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BULLETIN OF THE WORLD HEALTH ORGANIZATION. 1990; 68(5):625-31.Lactational amenorrhea in many developing countries is still the most successful form of contraception, especially when modern forms of contraception are not available. In cultures where frequent or prolonged breast feeding is common, postpartum amenorrhea and suppressed ovulation are frequent and serve to space births. It is this spacing of births that leads to decreased infant and maternal morbidity and mortality. It must be remembered that lactational amenorrhea is not a completely reliable form of contraception. In fact the figures indicate that in cultures were family planning use is low, birth intervals are largely determined by the duration and intensity of breastfeeding. Studies indicate that an increase of 15% 32% in birth intervals can result from prolonged lactation. It would be to the advantage of health care planners and providers to examined more closely the causes and properties of lactational amenorrhea. Field directed education can provide women with the information necessary to help them control their child spacing. The WHO Breast-feeding Data Bank collects and analyzes information on breast-feeding and its effects on fertility regulation. Methods used to assess lactational infertility and how the information is used by the data bank are described in this article. There is a summary of relevant information gathered from published sources and post 1983 studies of the WHO. The practical implications to health policy that are associated with lactation-associated infertility are also mentioned.
WORLD HEALTH. 1987 Nov; 10-2.Breastfeeding is at times referred to as "nature's contraceptive." Intensive breastfeeding naturally stops the discharge of eggs from the ovaries, which commonly is experienced as a delay in the return of menses after the birth of a baby. An obvious limitation is that for breastfeeding to produce a contraceptive effect, a successful pregnancy and suckling are essential, and it is not possible to predict when the contraceptive protection might cease. Consequently, in terms of fertility regulation, breastfeeding is regarded as a birth spacing rather than as a contraceptive method per se. The sooner a woman starts to menstruate after a birth, the shorter the birth interval is likely to be, assuming the woman is sexually active, there are no miscarriages, and no contraceptives are used. In women who do not breastfeed, the menses usually returns within 2-3 months after delivery. For those who breastfeed intensively for 1 or 2 years, the menses generally return within 6-10 months or 15-18 months, respectively. The ideal way of prolonging the birth interval seems to be by combining prolonged breastfeeding with the commencement of contraceptive use at the appropriate time, provided this time were known. Without breastfeeding and contraceptive use, the birth interval averages 16 months, but with prolonged and intensive breastfeeding it potentially could be extended by another 18 months, giving an average interval of 34 months. This suggests that the fertility of women who do not breastfeed could be halved by breastfeeding alone. The tendency for fertility to increase during the early stages of modernization is observed in countries where the trend away from a traditional of prolonged breastfeeding is not accompanied by increased use of modern contraceptive methods. It is known widely that breastfeeding helps to postpone the next pregnancy, practices and beliefs vary by region and ethnic group. For a long time, the World Health Organization Special Program of Research, Development and Research Training in Human Reproduction has been involved in the study of natural methods of fertility regulation, and it is important that WHO continues to study breastfeeding in different ethnic and social group if it intends to give sound advice on this issue to family planning programs.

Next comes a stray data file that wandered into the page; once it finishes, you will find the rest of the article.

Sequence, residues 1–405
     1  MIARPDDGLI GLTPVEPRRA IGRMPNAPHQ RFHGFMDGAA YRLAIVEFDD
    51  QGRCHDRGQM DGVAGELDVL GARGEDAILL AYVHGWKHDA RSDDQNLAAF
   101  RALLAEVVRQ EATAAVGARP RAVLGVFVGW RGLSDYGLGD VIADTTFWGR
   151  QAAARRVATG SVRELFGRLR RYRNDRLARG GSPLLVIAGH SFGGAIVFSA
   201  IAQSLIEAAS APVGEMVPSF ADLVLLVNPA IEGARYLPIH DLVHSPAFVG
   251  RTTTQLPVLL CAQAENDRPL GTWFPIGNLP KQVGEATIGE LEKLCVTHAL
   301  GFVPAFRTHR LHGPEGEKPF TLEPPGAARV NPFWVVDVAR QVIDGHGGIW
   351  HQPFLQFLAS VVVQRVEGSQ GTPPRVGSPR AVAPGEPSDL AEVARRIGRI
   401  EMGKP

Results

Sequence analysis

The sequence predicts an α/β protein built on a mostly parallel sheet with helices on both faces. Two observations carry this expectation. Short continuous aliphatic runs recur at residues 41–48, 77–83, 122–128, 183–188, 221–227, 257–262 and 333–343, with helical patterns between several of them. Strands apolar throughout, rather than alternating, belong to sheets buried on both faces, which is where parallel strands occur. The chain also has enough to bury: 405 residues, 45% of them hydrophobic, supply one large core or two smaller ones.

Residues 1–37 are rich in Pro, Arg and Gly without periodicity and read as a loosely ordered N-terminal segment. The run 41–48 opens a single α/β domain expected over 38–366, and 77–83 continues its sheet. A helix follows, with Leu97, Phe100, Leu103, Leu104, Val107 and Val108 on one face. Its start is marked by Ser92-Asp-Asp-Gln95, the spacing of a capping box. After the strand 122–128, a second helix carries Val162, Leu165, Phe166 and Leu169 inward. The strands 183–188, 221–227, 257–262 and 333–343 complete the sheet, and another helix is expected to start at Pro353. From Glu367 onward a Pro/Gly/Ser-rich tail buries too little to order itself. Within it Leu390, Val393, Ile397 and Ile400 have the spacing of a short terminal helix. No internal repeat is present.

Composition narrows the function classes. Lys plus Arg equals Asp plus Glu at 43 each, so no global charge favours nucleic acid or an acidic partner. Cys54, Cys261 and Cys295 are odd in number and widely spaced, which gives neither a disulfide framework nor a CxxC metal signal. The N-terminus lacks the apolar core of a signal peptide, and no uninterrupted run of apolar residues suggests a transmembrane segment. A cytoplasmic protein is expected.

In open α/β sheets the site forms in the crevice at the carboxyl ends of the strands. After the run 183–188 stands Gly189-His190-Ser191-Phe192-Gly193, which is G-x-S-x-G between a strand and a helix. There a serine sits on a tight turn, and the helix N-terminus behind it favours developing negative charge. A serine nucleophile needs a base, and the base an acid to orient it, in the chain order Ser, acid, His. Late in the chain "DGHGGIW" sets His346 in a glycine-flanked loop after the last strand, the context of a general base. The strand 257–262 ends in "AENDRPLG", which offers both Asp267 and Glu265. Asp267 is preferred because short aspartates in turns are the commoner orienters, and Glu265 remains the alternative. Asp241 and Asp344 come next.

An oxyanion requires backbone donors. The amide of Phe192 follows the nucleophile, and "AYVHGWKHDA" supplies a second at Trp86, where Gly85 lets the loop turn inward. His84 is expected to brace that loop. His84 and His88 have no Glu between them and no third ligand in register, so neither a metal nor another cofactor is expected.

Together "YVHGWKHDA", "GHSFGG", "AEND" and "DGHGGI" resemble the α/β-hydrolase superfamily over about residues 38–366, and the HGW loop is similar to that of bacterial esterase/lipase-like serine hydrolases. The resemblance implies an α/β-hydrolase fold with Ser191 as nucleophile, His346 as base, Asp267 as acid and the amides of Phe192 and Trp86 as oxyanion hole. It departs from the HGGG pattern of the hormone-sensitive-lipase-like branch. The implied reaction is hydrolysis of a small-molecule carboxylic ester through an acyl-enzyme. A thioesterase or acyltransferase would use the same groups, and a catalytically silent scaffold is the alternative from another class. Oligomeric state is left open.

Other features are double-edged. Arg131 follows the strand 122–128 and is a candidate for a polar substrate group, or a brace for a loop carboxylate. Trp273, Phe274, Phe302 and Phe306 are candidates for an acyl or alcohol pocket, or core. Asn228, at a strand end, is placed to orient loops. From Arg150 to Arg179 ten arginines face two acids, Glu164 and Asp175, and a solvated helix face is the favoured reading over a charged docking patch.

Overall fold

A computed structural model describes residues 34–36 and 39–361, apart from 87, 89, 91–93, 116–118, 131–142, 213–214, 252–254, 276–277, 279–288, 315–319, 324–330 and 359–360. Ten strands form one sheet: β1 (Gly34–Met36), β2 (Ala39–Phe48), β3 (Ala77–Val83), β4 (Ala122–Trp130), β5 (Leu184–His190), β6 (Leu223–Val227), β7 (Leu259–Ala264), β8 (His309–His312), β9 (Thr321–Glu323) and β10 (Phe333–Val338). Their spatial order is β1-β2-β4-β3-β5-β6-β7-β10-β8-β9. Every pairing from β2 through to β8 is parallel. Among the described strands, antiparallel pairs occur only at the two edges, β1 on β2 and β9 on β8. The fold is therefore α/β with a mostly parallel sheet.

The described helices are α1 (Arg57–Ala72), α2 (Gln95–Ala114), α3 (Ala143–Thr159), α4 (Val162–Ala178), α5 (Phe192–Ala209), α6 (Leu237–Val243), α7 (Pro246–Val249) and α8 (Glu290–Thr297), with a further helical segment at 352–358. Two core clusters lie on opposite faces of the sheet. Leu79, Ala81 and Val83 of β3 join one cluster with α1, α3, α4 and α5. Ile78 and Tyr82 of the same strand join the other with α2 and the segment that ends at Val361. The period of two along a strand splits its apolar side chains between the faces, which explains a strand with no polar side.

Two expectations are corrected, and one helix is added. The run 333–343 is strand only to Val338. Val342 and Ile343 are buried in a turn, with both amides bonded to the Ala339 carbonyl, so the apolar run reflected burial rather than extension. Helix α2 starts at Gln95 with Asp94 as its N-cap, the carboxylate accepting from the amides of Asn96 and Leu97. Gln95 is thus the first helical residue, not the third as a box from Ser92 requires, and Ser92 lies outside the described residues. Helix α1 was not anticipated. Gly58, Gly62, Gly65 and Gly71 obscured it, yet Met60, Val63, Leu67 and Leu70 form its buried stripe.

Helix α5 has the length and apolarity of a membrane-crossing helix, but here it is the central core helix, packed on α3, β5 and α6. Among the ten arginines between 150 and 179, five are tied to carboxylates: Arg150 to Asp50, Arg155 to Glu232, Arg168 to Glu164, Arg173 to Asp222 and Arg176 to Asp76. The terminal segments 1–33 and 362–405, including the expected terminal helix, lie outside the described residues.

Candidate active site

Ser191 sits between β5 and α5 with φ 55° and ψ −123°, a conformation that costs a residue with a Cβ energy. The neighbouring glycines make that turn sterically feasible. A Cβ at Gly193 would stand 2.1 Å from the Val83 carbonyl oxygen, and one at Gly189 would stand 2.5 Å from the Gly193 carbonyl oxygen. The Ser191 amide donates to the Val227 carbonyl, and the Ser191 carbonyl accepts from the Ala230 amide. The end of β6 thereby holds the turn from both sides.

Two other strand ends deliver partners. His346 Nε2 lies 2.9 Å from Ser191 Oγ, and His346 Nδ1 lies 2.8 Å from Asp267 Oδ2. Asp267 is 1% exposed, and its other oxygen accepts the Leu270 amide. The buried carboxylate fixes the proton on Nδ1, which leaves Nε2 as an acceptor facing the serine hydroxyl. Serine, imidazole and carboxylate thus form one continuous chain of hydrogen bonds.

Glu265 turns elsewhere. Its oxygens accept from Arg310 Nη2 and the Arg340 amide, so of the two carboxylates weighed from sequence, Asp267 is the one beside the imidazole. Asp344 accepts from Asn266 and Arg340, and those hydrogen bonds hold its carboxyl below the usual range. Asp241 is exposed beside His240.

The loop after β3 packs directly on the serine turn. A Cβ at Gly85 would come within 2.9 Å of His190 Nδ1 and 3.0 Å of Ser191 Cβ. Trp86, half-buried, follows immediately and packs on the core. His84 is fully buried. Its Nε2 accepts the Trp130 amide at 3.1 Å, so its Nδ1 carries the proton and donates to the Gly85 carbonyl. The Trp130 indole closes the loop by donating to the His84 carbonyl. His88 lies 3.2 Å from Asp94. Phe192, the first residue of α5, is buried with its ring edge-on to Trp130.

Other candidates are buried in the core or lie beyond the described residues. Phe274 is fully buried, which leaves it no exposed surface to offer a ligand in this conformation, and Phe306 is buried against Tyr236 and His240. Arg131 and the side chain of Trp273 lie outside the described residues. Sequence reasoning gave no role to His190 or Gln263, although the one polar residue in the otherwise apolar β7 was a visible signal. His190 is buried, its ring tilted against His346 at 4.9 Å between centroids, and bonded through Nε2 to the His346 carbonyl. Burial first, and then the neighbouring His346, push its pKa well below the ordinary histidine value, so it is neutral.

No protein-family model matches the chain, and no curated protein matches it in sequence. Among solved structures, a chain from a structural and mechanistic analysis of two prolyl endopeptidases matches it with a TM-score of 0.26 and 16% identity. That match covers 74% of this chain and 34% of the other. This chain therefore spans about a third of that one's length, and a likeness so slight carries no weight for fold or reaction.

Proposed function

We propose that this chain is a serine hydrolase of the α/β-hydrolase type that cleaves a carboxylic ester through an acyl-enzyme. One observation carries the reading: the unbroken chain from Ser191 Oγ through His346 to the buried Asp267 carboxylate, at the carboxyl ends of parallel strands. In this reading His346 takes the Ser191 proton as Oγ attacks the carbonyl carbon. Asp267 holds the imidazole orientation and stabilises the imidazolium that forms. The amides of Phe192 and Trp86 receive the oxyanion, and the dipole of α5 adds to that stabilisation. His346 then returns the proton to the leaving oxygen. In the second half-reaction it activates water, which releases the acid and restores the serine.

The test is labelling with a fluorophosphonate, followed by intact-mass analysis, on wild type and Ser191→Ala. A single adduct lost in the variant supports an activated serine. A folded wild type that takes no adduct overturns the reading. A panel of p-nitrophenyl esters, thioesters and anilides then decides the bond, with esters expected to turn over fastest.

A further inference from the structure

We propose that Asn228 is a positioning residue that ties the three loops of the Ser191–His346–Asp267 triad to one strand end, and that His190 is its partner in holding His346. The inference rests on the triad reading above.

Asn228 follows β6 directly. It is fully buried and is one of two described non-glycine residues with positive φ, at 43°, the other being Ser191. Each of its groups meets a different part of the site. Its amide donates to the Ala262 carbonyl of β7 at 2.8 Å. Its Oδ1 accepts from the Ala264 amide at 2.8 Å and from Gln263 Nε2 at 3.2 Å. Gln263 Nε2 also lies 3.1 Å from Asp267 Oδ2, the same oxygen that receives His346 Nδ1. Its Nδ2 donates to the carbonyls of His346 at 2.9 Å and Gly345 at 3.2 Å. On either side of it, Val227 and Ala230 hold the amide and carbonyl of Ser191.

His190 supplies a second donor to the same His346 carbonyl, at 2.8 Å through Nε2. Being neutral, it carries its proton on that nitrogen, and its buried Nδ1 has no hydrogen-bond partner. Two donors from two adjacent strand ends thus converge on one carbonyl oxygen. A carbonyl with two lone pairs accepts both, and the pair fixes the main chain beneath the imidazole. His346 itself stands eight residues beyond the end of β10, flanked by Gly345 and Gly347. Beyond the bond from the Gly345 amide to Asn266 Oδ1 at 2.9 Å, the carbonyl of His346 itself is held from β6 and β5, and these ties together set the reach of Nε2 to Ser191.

Studies in Family Planning. 1986 May-Jun; 17(3):153-60.Data from a prospective child health study conducted in Gaza by the WHO was used to examine the relationship between infant feeding and subsequent fertility. The study group consisted of 769 women living in 2 refugee camps in Gaza who gave birth in a 2-month period in 1978, and their index children, followed up for 23 months with monthly visits. Women who became pregnant within the 23 months were followed up until the end of their pregnancy. Women who practiced contraception after the birth of the index child were excluded. Life table analyses demonstrate a strong relationship between breastfeeding and 2 components of birth intervals, the postpartum anovulatory period and the waiting time from the end of the anovulatory period to conception. Duration of breastfeeding in this population averaged 12 months. Once menses have resumed, main factors related to waiting time to conception are age, husbands education, and measures of breastfeeding intensity and duration. Women who are breastfeeding when menstruation resumes and continue to do so are less likely to conceive than other women.